Tag Archives: Raphael Sowole

Young Blood

ROMEO AND JULIET

Royal Shakespeare Theatre, Stratford upon Avon, Wednesday 20th June, 2018

 

Erica Whyman’s new production of Shakespeare’s evergreen tragedy has a contemporary if abstract setting.  Her Verona is a place of rusting plate metal, with a multi-purpose construction at the centre, a hollow cube providing a raised level (the balcony) and an interior (the Friar’s cell).  It’s a stark and grim place against which the heightened emotions of the hot-blooded citizens are played out.  It’s a world of hoodies and sweatshirts, skinny-fit jeans – in fact, when it begins, the Prologue is shared by a chorus of youngsters and it’s all a bit performing arts college.  The casting is diverse and gender fluid, reflecting the UK today, supposedly, in order that youngsters coming to the play fresh will recognise themselves in the characters… What is unrecognisable about this on-trend milieu is the lack of mobile phones, the prism through which young people view the world and each other.

The design choices I can’t take to, but the acting is in general very good and in parts excellent.  Bally Gill’s Romeo is flighty and cocky – Whyman brings out the humour of him, so we take to him immediately, and he is more than a match for Charlotte Josephine as Mercutio, traditionally the ‘funny one’.  Josephine’s mercurial Mercutio is a ladette, with all the swagger and voice patterns of a cheeky teenage shoplifter on Albert Square.  It’s a very yoof-oriented performance, at odds with the accents and mannerisms of the rest of the gang.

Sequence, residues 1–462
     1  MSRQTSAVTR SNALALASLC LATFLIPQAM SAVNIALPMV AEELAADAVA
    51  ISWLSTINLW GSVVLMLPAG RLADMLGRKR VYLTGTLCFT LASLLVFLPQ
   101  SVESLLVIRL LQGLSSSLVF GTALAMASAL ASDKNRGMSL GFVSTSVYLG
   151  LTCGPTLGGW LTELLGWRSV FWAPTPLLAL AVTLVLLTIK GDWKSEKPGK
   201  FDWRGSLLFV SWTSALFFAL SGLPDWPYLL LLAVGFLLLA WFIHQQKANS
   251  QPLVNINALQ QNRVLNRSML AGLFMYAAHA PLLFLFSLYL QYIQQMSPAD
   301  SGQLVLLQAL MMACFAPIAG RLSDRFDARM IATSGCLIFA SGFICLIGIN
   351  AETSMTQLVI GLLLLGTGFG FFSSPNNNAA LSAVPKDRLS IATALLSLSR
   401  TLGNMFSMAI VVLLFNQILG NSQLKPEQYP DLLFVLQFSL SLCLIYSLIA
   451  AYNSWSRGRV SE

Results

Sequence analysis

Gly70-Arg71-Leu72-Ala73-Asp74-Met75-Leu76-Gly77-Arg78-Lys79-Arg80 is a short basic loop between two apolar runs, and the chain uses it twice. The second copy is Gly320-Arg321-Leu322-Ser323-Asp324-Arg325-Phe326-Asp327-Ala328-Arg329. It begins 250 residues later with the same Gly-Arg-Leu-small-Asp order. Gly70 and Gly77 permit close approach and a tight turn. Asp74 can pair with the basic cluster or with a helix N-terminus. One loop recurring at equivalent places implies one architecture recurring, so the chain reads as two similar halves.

Karen Fishwick’s Juliet has a Scottish brogue and is brimming with the youthful passion of a teenager in love.  She and Gill are a good match.  As Capulet, Juliet’s dad, Michael Hodgson is a little too staccato in his anger, while his Mrs (Mariam Haque) is steely-eyed and steadfast in her lust for vengeance.  Raphael Sowole is an imposing Tybalt – his fatal scrap with this Mercutio pushes the show’s fluid approach to casting to the limit, making Tybalt seem dishonourable in my view.  Later, he and other dead characters creep inexorably across the stage, like zombies playing Grandmother’s Footsteps – initially an effective idea but it becomes distracting from the main event at Juliet’s bier.

Andrew French is a wise and sympathetic Friar Laurence, but it is the magnificent Ishia Bennison who comes off best in a hilarious characterisation of the Nurse, perfectly delivering her sauciness, her garrulousness, alongside her deep-felt affection for Juliet.

There is much to enjoy and appreciate here, more than compensating for the decisions that don’t quite pay off.  Sophie Cotton’s original compositions are contemporary and atmospheric, and Charles Balfour’s starry lighting beautifies the industrial setting.

If the production does speak to the young members of the audience, perhaps it says something to them about knife crime and partisan gang culture.  To us slightly older others, it’s a strong rendition of an old favourite, with some hit-and-miss ideas, and some pulsating, bass-heavy dance music that can’t be over too soon.

Romeo and Juliet production photos_ 2018._2018_Photo by Topher McGrillis © RSC_248980

Karen Fishwick and Bally Gill (Photo: Topher McGrillis © RSC )

 

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The Present Horror